It’s About To Get Loud On Rainey Street

The Rainey Street District is showing signs of maturation as stakeholders are coping with the growing pains that come with such rapid growth.  On August 19th, Bridget Dunlap, owner of the thriving Lustre Pearl bar, was approved for an Outdoor Music Venue permit (OMV).  The OMV permit (new window), expressly for “winter months,” allows the venue to host amplified music.

Rainey Street proper is zoned CBD, a flexible zoning definition that enables a multitude of uses for properties.  Little of the street’s CBD density entitlements are being used, as they are sitting idle waiting for big capital to return.  The district is currently dominated by bungalow homes, and flanked by mid- and high-rise residential condos.

It was late 2008, early 2009, when Lustre Pearl became the first bar to open on Rainey Street.  With smart design that preserved much of the historic bungalow aesthetic, Lustre Pearl seems to have set the trajectory for Rainey Street development over the next few years.  Clive Bar, G’raj Mahal, El Naranjo, are all thriving in addition to three more bars under construction.  According to Lustre Pearl’s General Manager, Scranton Twohey, Lustre Pearl is shifting to become more of a music-centric destination.

Dunlap and Twohey operate four venues: Lustre Pearl, Clive Bar, “96” (upcoming sports bar theme across from Lustre Pearl), and an upcoming outdoor/mobile concept on the corner of Rainey St and Davis St (where Container Bar was planned).

What is it about Rainey Street?

  1. Nearly 1,000 residences anchored by Rainey Street.
  2. Big capital dried up, so no more big CBD projects for the next few years.
  3. No commercial infrastructure, little parking, intermittent sidewalks
  4. A creative surplus of funky bungalow houses

During the requisite notification period the Downtown Austin Neighborhood Association (DANA) submitted a letter in opposition to Lustre Pearl’s OMV application.  The Downtown Austin Plan expressly calls for limiting the number of cocktail uses, and further encourages uses that complement the quiet neighborhood character of the district. (pdf)

Mr. Twohey made assurances to DANA’s Public Policy Committee about limiting the genres of music, hiring a sound mitigation consultant, and withholding applications for his company’s three other venues.  Despite those assurances, DANA and Rainey Street residents remained concerned that approving this Outdoor Music Venue permit will encourage more bars into the district, and those bars will also pursue Outdoor Music Venue permits.

The cost to apply for an Outdoor Music Venue permit is $50.

-Jude

NIMBY disclosure – I live at the Shore condos, which is one block from Rainey Street

About Jude Galligan

Jude Galligan, REALTOR, Principal of TOWERS Realty and publisher of Downtown Austin Blog (aka. "DAB"), spends his time matching remarkable people with remarkable properties in Austin’s urban core. A resident owner in downtown Austin, Jude has served on the Board of the Downtown Austin Alliance (DAA) and the City of Austin Downtown Commission. Contact Jude.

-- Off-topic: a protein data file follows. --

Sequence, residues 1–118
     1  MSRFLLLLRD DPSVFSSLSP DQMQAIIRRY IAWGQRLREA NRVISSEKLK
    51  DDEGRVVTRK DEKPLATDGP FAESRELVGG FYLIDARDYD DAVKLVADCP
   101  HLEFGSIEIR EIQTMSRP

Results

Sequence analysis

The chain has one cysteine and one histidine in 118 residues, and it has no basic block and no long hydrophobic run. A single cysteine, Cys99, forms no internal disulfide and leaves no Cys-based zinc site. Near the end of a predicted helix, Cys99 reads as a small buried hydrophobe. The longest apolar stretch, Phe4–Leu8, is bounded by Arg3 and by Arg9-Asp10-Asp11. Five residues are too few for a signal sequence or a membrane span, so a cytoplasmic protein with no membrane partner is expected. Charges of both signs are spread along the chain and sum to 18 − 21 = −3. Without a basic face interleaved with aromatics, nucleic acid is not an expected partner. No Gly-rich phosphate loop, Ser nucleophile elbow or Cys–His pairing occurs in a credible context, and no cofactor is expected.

Comments

  1. People, this is Austin we are talking about! The LIVE MUSIC CAPITOL OF THE WORLD, not Podunk ville Texas. Live music defines this city and is intertwined with it’s culture!! The OMV permit should stick and should not be revoked if the bar stays within te reasonable decible levels.

  2. Out of curiosity, does the CBD have different noise ordinances than the rest of the city? I live in Bouldin Creek, which has a number of outdoor live music venues (e.g. Freddie’s and Guero’s), and we successfully coexist with them because the city has strict regulations on both decibel limits and playing music after 10pm, and APD is happy to enforce them if anyone gets out of line. If Rainey St. lacks such limits due to its CBD location, might it be possible to appeal to the City Council to require them?

    • A property’s zoning, and the zoning of surround properties, is expressly part of the City staff’s decision making criteria. I don’t believe CBD has any fewer or greater sound ordinance restrictions than CS zoning, though.

      They’ve restricted the times to midnight on weekends. I’m confident that music and residential can happily coexist, but the Rainey Street district could benefit from some planning. Issuing OMV permits is ad-hoc urban planning by city staff. At minimum, the vetted Downtown Austin Plan should be looked at for guidance. Otherwise, a $50 OMV application, can fundamentally alter the character of the neighborhood.

  3. Great piece, Jude!

    Normally I’m against the limitation of noise on pre-existing venues. What makes Lustre Pearl and the Rainey St District interesting is that this isn’t a case of people moving in and wanting to stop a 20+ year tradition. In this situation, it’s an already quiet neighborhood that wants to stay quiet.

    My brain might explode!!

    • Indeed, the circumstances here are unique. The district began and remains dominated by quiet residential use.

      The concerns seem to be focused on what the future holds. Does this permit set a precedent for a district that only has infrastructure suited to new bars? Will all of those new bars apply for a OMV permit? It’s so cheap to apply for an OMV permit, that an astute business operator should seek one out.

      Even though the Downtown Austin Plan – which has not been adopted, but has been thoroughly vetted – has clear design priorities for Rainey Street District, without a comprehensive neighborhood plan, the district is at the mercy of city staff making permit decisions without a guiding light, which results in undesirable ad-hoc neighborhood planning.

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